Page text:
The crisis has brought to the fore the need for firms to enable flexibility in client engagement – the expectation that providers will communicate to clients on their terms, at their speed and frequency and on their preferred channels, is now a given. This is even more critical when clients are experiencing unparalleled anxiety from both market conditions and their own personal circumstances.

...

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The Technical Traders

Adaptive Fibonacci Price Modeling System Suggests Market Peak May Be Near

Courtesy of Technical Traders

Our Adaptive Fibonacci Price Modeling system is suggesting a moderate price peak may be already setting up in the NASDAQ while the Dow Jones, S&P500, and Transportation Index continue to rally beyond the projected Fibonacci Price Expansion Levels.  This indicates that capital may be shifting away from the already lofty Technology sector and into Basic Materials, Financials, Energy, Consumer Staples, Utilities, as well as other sectors.

This type of a structural market shift indicates a move away from speculation and towards Blue Chip returns. It suggests traders and investors are expecting the US consumer to come back strong (or at least hold up the market at...



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Lee's Free Thinking

Texas, Florida, Arizona, Georgia - The Branch COVIDIANS Are Still Burning Down the House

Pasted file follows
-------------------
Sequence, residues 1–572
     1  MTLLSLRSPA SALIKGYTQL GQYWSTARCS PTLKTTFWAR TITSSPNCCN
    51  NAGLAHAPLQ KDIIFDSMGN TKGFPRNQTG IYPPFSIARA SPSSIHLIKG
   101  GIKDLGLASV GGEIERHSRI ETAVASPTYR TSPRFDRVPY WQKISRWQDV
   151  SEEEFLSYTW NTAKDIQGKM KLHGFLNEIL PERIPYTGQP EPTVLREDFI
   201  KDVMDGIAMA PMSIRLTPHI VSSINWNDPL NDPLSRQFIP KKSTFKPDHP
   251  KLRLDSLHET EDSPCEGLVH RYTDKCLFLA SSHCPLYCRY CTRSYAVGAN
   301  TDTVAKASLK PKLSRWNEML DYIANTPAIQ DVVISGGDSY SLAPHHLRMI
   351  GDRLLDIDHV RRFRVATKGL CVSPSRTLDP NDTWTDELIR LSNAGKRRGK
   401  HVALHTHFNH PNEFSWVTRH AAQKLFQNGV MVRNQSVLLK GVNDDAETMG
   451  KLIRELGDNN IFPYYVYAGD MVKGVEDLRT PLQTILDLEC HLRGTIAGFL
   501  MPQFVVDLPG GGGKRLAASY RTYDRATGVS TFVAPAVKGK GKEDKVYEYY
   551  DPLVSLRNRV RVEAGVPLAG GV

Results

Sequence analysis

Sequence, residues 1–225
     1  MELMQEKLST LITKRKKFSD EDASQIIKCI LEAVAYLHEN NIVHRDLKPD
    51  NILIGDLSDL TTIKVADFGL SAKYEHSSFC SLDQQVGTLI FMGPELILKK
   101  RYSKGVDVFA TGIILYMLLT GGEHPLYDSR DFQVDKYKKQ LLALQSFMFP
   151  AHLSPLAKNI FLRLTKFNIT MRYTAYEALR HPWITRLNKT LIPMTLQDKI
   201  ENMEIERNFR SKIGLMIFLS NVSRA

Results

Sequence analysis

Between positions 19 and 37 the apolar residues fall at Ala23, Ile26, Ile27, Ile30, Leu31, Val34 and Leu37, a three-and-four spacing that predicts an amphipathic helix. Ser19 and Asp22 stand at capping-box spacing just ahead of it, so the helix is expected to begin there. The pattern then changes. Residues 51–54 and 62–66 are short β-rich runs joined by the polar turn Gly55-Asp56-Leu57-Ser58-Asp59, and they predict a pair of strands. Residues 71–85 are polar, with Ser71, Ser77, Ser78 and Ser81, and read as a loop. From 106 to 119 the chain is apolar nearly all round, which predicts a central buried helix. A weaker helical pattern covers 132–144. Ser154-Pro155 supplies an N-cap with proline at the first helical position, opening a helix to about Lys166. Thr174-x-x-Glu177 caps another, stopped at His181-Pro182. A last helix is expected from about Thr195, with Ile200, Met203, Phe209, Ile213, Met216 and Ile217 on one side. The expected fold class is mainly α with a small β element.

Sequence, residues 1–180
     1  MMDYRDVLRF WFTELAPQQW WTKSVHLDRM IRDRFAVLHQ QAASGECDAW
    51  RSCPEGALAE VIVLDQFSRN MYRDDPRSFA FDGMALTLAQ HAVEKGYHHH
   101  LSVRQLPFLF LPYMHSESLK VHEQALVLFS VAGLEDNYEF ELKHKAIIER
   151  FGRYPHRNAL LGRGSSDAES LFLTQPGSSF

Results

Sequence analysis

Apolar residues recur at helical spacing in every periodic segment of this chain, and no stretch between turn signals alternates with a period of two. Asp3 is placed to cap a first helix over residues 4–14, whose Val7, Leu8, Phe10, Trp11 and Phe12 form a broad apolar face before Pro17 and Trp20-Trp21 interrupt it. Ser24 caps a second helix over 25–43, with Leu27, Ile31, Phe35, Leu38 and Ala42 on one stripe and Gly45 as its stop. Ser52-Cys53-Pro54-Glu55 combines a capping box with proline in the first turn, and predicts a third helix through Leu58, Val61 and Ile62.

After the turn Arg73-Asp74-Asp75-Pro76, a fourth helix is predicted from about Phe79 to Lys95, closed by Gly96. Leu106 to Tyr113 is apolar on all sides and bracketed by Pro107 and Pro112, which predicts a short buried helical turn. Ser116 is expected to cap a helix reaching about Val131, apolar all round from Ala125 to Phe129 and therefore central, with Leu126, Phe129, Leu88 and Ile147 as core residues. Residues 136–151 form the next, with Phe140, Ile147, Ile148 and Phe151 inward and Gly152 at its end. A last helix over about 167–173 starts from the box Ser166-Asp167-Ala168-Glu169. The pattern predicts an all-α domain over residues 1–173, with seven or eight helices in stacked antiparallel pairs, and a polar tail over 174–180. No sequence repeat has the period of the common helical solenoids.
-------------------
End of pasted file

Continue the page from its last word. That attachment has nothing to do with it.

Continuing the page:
Texas, Florida, Arizona, Georgia – The Branch COVIDIANS Are Still Burning Down the House

Courtesy of Lee Adler, WallStreetExaminer 

The numbers of new cases in some of the hardest hit COVID19 states have started to plateau, or even decline, over the past few days. A few pundits have noted it and concluded that it was a hopeful sign. 

Is it real or is something else going on? Like a restriction in the numbers of tests, or simply the inability to test enough, or are some people simply giving up on getting tested? Because as we all know from our dear leader, the less testing, the less...



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Insider Scoop

Economic Data Scheduled For Friday

Courtesy of Benzinga

  • Data on nonfarm payrolls and unemployment rate for March will be released at 8:30 a.m. ET.
  • US Services Purchasing Managers' Index for March is scheduled for release at 9:45 a.m. ET.
  • The ISM's non-manufacturing index for March will be released at 10:00 a.m. ET.
  • The Baker Hughes North American rig count report for the latest week is scheduled for release at 1:00 p.m. ET.
...

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Promotions

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Feb. 26, 1pm EST

Click HERE to join the PSW weekly webinar at 1 pm EST.

Phil will discuss positions, COVID-19, market volatility -- the selloff -- and more! 

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About Phil:

Philip R. Davis is a founder Phil's Stock World, a stock and options trading site that teaches the art of options trading to newcomers and devises advanced strategies for expert traders...

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Ilene is editor and affiliate program coordinator for PSW. Contact Ilene to learn about our affiliate and content sharing programs.